Consensus in Davos is that dollar hasn''t yet hit bottom


By Stella Dawson
Saturday, January 29, 2005

DAVOS, Switzerland -- The U.S. current account gap is unlikely to
narrow this year, putting stress on the U.S. dollar which is risky
for the global economy, European Central Bank Governing Council
member Axel Weber said on Saturday.

In an interview with Reuters Television on the sidelines of the World
Economic Forum, Weber said he did not see a danger that the dollar
would tumble by another 15 to 20 percent, as some economists have
warned at meetings of global business leaders in the Swiss resort.

"That is a bit outside the usual expectations that we have for
exchange rate models," he said.

But Weber said the dollar's weakness -- it has shed some 20 percent
of value in trade-weighted terms over the past two years -- clearly
is a risk. The United States cannot rely solely on a weakening dollar
to correct its current account deficit.

"One of the issues that clearly is there is that the dollar has been
a risk for the global economy in the past year," Weber told Reuters.

"A lot of focus in financial markets has been the current account
deficit in the U.S. I expect even in the next year that situation on
the current account will not change fundamentally; therefore, the
dollar risk will probably remain with us."

"The dollar exchange rate can play a part in that adjustment process,
but surely the adjustment cannot just take place just by movements in
relative price," he said.

Moreover, the 12-nation euro zone region has been bearing more than
its fair share of the dollar's tumble relative to its trading
relationship with the United States, he said.

To address these problems, Weber said the U.S. must improve its
savings rate, just as Europe must tackle its structural barriers to
growth -- all issues that will be on the agenda when the Group of
Seven finance ministers and central bankers meet in London next week.

There are some positive factors though on the currency front that
should alleviate stress, Weber said -- namely the credit tightening
cycle that the Federal Reserve already has begun.

"You also have a normalization of interest rates, so you have there
are some effects that would actually speak to a slight strengthening
of the dollar," he said.

The Fed over the past half year has tightened rates by 125 basis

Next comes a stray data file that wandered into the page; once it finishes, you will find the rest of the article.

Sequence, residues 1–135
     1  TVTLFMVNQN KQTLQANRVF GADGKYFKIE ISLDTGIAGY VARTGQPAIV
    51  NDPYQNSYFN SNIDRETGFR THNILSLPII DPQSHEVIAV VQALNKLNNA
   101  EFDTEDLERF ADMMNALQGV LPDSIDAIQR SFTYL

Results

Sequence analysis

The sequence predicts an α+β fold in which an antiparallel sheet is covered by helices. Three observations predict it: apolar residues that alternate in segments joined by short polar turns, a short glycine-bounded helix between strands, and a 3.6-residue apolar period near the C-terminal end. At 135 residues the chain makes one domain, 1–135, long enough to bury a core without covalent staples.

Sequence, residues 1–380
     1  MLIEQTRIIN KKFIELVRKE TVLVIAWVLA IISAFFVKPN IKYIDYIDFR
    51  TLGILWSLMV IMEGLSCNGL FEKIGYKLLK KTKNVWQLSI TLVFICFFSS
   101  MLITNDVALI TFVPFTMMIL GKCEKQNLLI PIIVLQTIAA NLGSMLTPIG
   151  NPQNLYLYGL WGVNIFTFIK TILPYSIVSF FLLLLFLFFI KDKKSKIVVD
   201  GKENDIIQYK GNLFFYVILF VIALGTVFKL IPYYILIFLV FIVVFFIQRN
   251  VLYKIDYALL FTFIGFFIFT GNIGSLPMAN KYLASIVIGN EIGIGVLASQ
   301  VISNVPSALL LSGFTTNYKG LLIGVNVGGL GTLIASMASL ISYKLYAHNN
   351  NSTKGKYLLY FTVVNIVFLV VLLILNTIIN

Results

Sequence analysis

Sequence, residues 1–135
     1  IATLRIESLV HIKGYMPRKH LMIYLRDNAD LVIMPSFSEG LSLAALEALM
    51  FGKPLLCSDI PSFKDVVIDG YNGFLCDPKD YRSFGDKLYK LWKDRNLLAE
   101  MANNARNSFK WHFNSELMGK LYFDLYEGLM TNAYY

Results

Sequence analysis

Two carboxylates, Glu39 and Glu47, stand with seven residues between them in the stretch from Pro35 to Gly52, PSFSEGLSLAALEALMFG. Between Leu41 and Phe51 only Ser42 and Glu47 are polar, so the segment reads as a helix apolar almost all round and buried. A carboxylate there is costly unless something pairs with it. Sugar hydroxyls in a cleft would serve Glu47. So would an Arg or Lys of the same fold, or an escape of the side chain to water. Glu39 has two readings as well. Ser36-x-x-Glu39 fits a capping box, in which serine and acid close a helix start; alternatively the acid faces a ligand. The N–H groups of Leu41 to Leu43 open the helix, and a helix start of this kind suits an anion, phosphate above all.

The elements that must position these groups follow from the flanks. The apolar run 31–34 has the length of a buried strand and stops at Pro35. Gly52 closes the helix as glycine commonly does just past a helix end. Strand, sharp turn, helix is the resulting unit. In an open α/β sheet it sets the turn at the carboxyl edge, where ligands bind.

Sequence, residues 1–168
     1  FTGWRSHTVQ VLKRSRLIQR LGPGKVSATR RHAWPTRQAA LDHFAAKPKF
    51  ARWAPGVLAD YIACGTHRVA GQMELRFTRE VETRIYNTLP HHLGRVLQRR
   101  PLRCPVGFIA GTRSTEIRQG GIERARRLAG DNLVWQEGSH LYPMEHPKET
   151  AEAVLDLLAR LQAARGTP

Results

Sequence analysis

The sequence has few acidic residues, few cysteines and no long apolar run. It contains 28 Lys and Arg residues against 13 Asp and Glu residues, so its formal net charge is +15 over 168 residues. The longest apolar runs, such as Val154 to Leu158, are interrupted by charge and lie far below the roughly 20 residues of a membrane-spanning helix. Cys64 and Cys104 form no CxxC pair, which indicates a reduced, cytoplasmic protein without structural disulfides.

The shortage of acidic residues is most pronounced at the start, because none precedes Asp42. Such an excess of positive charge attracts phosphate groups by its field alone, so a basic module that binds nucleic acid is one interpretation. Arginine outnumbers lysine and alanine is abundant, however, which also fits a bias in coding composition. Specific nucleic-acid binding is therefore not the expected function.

points to 2.25 percent, lifting its key rate above those in the euro
zone, a factor that usually helps support a currency. Moreover, the
Fed is expected to continue tightening steadily this year, while the
ECB is seen on hold at 2 percent least through the summer.

Weber also noted that the dollar movements have calmed recently after
the euro/dollar shot to a record high in December above $1.36 in late

"After a relative strong dollar overshooting at the end of the year,
we saw a normalization. At the moment we are in ranges that are
somewhat more normal," he said.

For Europe and the Germany, Weber said the economies "have not really
suffered tremendously" from euro strength against the dollar. On a
trade-weighted basis the euro currency has only appreciated about two
percent in the past year, he noted.

However, it is a factor to watch. "It is a certain risk and it takes
a toll on the growth rate, but it is not major."

On oil prices, Weber said they are risk both to inflation and growth
outlooks for the euro zone.

"So it is one risk that will remain with us throughout 2005.

"Most recently now that we have had an oil market recovery. This
signals that we are below the highest levels but not far below and
that the direction has started heading upward."

Weber, who is also president of Bundesbank, declined to talk about
monetary policy and the European economic outlook ahead of the ECB's
rate-setting meeting next Thursday.


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